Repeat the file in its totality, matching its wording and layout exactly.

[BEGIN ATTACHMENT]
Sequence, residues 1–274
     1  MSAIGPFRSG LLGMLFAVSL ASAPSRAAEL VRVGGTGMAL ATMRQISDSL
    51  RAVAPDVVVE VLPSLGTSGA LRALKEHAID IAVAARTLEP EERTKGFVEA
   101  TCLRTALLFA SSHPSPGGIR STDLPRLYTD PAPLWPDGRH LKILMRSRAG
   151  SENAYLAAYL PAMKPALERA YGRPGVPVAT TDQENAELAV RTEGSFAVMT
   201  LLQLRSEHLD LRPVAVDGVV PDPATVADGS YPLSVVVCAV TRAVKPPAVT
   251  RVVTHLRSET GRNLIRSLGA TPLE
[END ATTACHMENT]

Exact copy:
Sequence, residues 1–274
     1  MSAIGPFRSG LLGMLFAVSL ASAPSRAAEL VRVGGTGMAL ATMRQISDSL
    51  RAVAPDVVVE VLPSLGTSGA LRALKEHAID IAVAARTLEP EERTKGFVEA
   101  TCLRTALLFA SSHPSPGGIR STDLPRLYTD PAPLWPDGRH LKILMRSRAG
   151  SENAYLAAYL PAMKPALERA YGRPGVPVAT TDQENAELAV RTEGSFAVMT
   201  LLQLRSEHLD LRPVAVDGVV PDPATVADGS YPLSVVVCAV TRAVKPPAVT
   251  RVVTHLRSET GRNLIRSLGA TPLE